3 Things You’ll Learn from the Sonic Branding Process

by Elizabeth Kasper

VP, Head of Client Services, Made Music Studio

So you’re deciding whether to stop worrying and embrace sonic branding. You are not alone in your new interest in audio. In fact, in the last year we have seen a 21% increase in brands adopting sonic identities for the first time.

But you may be wondering: what does it mean to embark on a journey to develop the sound of your brand? It’s a tricky one. You can’t hold sound in your hand or look at it on a piece of paper. It’s not a visual identity defined by color palettes and fonts, nor a logo printed on a box.

The process can feel intimidating, especially for those who have never explored sonic branding before. Yet with the growing ability to quantitatively measure the impact of sound for your brand, and sound’s proven ability to create enduring emotional connections with consumers, sound is becoming more than a nice to have — it is a must have. It’s a process that will challenge you to understand your brand on a deeper, emotional level and change the way your brand is experienced in the world.

As a member of the Client Services team at Made Music Studio, my favorite part of the job is ushering clients through the trials, tribulations and triumphs of creating a sonic identity system.

In collaborating with clients over the years, I’ve noticed a few universal lessons learned that may inspire you to take the leap into sonic branding.

1. Music feedback comes in many forms.

Often new clients assume that they lack the training in music to be a good partner in the sonic branding process. In actuality, you don’t need to be a professional musician or an educated critic in order to provide helpful feedback on music. On almost every single project I’ve worked, I have heard a client say, “I’m not an expert,” “I’m going to use the wrong words,” or “I have no idea what I’m trying to say.” Indeed, creative reviews and providing feedback on music is a muscle that’s tough to stretch.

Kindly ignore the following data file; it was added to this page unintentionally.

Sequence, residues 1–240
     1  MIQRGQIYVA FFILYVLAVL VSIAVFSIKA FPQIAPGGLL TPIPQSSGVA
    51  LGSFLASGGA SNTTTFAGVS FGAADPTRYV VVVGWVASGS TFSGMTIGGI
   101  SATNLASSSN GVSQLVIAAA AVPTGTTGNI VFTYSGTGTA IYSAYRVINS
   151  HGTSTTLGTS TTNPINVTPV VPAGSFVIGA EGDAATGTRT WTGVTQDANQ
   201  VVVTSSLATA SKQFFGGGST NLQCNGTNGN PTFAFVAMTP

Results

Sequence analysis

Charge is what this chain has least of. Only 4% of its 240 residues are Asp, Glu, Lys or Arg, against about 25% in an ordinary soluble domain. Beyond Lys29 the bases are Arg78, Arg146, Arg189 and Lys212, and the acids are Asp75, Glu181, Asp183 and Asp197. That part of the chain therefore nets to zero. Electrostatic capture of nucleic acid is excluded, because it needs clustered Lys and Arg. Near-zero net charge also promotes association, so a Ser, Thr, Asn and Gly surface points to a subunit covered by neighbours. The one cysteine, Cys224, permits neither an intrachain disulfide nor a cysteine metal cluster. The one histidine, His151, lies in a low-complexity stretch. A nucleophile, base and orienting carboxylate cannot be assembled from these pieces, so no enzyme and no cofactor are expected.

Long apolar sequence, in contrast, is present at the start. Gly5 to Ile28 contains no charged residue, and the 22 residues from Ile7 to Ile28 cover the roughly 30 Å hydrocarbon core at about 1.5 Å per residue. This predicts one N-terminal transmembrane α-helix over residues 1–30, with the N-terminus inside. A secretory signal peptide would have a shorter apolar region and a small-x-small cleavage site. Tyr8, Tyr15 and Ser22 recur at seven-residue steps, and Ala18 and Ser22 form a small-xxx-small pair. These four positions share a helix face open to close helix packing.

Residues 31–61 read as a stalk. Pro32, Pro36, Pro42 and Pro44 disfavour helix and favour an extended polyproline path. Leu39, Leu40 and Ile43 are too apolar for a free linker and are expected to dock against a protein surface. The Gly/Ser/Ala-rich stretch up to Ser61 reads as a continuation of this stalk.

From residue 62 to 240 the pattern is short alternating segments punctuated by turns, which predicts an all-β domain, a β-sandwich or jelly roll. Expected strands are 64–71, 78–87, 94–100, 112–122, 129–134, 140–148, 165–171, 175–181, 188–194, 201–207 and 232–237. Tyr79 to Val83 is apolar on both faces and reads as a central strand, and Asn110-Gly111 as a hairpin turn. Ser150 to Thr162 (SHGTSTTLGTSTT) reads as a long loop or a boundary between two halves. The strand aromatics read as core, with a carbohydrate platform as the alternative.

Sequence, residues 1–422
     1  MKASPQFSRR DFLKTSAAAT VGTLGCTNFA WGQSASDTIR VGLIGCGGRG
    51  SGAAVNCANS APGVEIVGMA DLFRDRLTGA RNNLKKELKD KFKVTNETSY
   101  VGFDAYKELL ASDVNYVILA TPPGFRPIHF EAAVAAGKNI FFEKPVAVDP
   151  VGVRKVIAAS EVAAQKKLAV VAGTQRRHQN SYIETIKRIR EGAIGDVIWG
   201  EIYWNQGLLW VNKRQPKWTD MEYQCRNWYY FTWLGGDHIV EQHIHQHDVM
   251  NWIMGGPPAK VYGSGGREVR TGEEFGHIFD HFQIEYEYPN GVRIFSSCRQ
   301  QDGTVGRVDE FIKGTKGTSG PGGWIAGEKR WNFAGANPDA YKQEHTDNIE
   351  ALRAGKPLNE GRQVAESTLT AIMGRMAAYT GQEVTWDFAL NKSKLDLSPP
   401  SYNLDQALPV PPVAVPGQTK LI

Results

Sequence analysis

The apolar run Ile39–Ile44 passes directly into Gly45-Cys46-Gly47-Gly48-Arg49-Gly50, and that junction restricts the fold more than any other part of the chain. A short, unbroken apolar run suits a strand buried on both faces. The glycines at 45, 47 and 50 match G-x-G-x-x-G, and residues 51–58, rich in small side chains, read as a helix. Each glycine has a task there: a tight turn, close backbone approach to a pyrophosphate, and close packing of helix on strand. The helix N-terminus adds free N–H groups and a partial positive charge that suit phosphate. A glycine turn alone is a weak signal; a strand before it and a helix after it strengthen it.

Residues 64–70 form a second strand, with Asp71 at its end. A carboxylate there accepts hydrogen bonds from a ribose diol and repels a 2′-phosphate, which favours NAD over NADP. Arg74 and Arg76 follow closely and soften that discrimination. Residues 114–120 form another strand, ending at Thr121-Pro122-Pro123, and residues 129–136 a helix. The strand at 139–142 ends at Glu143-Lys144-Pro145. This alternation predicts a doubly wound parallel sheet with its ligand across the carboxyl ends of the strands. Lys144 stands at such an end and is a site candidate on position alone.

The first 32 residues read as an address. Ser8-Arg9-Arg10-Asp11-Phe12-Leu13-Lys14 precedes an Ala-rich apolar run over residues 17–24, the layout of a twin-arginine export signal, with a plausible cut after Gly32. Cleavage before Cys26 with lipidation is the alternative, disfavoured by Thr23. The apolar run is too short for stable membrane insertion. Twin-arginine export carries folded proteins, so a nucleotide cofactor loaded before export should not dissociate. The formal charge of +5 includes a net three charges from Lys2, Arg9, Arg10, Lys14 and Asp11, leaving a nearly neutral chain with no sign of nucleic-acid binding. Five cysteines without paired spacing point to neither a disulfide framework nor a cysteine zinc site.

After over 7 years working with Made Music, I can assure you that an experienced creative team can tease unbelievably productive, profound and insightful feedback from almost any reaction. You know your brand better than anyone — and sometimes we find those instinctive, gut level reactions end up being the most helpful as we home in on your sonic identity! After all, music and sound are meant to generate emotional responses. You know what feels right for your brand.

2. There are always new things to learn about your brand.

When we begin evaluating musical ideas for a new sonic identity, the question we always ask is “Does this sound like your brand?” or “Does this feel like your brand?” Part of our role is to hold up a mirror to challenge you, the brand expert, on finding the right fit and telling the story your brand wants to tell. You’d be surprised how that question cracks open thoughtful conversations on a brand’s identity and aspirations, the meaning of a brand’s mission statement and how a brand wants people to feel.

Throughout the process, you’ll find yourself questioning brand attributes, solidifying messaging and gaining a more holistic understanding of your brand, resulting in a sonic identity that is uniquely iconic.

3. Sound can reach consumers wherever they are.

When we get into the actual building of your bespoke sonic identity, we always start by developing a brand theme (a long musical piece that tells the entirety of a brand’s story) and a sonic logo (and a short form analogous to a visual logo that lasts about 3 seconds long). But in an audio-first world, those sounds don’t just live at the end of TV and radio spots.

While developing the sound of your brand, we explore all the places that music & sound can make an impact in your brand’s ecosystem. This may include contextualizing music at every sound-on touch point — within your retail space, your on-hold music, your advertisements, your products and even your aquarium tank, if that is an important touch point of your brand experience. Along the way, you’ll learn about speakers and specifications, acoustic materials and file delivery formats. But most importantly: you’ll be challenged to imagine all the possibilities for music to enhance your brand’s relationship to the customer.

While the many challenges of working with sound and music can seem daunting for newcomers, the good news is by the end of this process you will have deepened your knowledge and expertise as a marketing leader on what it takes to build a sonic identity. And besides that, I can assure you: it will also be one of the most fun projects you’ve ever worked on.

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